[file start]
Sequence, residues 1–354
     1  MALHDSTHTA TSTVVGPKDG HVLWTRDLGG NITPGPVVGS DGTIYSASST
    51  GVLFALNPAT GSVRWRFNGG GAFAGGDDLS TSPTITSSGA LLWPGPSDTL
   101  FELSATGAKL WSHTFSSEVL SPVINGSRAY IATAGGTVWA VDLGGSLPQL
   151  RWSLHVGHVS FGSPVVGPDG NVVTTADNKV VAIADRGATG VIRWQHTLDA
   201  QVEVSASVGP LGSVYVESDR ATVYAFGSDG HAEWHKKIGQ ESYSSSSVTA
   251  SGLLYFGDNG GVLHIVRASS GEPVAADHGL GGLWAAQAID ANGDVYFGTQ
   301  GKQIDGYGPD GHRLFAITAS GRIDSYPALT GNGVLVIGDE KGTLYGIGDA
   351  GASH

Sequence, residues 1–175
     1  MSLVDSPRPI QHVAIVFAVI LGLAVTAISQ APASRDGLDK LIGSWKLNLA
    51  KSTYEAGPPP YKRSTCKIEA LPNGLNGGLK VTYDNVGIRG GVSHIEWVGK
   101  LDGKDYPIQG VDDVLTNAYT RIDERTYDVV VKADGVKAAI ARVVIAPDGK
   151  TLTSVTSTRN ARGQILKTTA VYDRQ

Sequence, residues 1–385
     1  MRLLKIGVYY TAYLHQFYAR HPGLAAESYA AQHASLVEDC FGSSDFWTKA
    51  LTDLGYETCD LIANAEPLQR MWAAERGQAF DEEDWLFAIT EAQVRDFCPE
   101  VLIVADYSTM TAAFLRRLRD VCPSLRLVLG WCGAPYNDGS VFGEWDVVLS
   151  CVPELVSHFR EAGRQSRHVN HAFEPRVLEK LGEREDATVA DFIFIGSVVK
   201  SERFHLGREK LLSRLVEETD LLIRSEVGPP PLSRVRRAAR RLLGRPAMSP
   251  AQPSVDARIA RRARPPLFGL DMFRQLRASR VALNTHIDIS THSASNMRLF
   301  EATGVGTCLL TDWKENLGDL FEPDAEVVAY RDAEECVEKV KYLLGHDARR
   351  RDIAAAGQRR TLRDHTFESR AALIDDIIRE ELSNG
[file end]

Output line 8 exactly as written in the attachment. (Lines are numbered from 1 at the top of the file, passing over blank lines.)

   301  GKQIDGYGPD GHRLFAITAS GRIDSYPALT GNGVLVIGDE KGTLYGIGDA